Chinese tennis ace Li Na wins the women’s Australian Open final against Slovakia’s Dominika Cibulkova in her third attempt for the title, becoming Asia’s 1st & the oldest ever woman to win the tournament. “Age is nothing. You guys didn’t know how hard I was working,” she said. Li also thanked her husband for being a “hitting partner, baggage handler and general helper”. Li has already made the same record in the French Open in 2011 becoming Asia’s first to win either the men’s or women’s singles title. Li will now rise to world’s no 3.
Author: Dr. Abdul Ruff
Edited by Divas
Li Na from China beat Slovak player Dominika Cibulkova 7-6 (3), 6-0 on January 25 becoming the oldest woman to clinch the title in the Open era.
Li lost Australian Open finals to Kim Clijsters in 2011 and to Victoria Azarenka last year. In between, she won the 2011 French Open to become the first Asian woman to win a major.
In both her previous finals at Melbourne Park, Li won the first set but went down in three.
Li stumbled and twisted her ankle while playing against Belarusian professional Azarenka last year, and needed a medical timeout in the third set after hitting her head on the court.
However, Li had no such trouble while playing against No. 20-seeded Cibulkova this time after winning the first set in a tiebreaker.
Li broke Cibulkova, held, and then had a breakpoint in the third game. Cibulkova held, and then broke Li in the sixth game thanks to consecutive double-faults.
Li again broke in the 11th game and had a set point in the 12th, but lost three straight points to ensure it went to the tiebreaker.
After rolling through the second set in 27 minutes, Li held up both thumbs to the crowd, and held back tears. Then she went to the side of the court to shake hands with her coach Carlos Rodriguez in the stands.
Li thanked her husband for being a “hitting partner, baggage handler and general helper”.
Cibulkova, one of the shortest players ever to reach a Grand Slam final at 1.61-meters (5-foot-3), had four wins over Top 20 players in the tournament, including a fourth-round upset of third-seeded Maria Sharapova and a straight-sets semifinal trouncing of No. 5 Agnieszka Radwanska.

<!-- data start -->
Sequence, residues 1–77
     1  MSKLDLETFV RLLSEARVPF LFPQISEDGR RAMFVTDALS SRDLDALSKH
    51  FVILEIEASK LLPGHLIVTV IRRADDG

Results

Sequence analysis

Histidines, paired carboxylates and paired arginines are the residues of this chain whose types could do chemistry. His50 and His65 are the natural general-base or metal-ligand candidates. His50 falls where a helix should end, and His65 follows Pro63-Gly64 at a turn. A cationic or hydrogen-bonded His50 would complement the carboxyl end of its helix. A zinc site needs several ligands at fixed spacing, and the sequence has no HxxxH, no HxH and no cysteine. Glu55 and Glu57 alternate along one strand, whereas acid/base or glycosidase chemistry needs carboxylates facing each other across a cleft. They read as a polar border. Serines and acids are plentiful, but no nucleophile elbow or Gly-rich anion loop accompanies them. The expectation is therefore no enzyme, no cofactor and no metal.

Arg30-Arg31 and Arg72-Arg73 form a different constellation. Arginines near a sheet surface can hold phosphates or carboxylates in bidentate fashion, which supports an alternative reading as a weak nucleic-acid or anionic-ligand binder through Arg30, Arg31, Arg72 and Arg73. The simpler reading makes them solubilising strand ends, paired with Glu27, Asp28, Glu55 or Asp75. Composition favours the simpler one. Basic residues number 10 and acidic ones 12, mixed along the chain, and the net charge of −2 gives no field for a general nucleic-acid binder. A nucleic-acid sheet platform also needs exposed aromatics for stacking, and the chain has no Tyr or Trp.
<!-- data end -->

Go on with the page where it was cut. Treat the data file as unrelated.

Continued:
In the semifinals, Cibulkova held off 19-year-old Canadian Eugenie Bouchard, and never had to face a player ranked in the top 20 en route to the final.
Forget Serena Williams and Maria Sharapova, Li Na is regarded as the hottest property in women’s tennis, not just because of her ability, but because she has opened the door to the sport’s future.
Li also made the record of Asia’s first grand slam champion at the 2011 French Open.
Li was the cover girl for last year’s Time magazine issue rating the world’s 100 most influential people, and she is listed by Forbes as the globe’s second highest-earning female athlete behind Sharapova.
After a fallow period following the 2011 French Open victory, when the distractions of sponsors and media drove her off the game, she has been reborn since teaming with coach Carlos Rodriguez in 2012.
And despite toying with the idea of retiring last year, because of poor results and press criticism in her homeland, Li has found the form of her life as she heads towards her 32nd birthday next month.
Li will now leapfrog Sharapova to become No.3 in the world, the highest ever by an Asian player, and after becoming the first Asian winner of the tournament tagged as “the Grand Slam of Asia-Pacific”.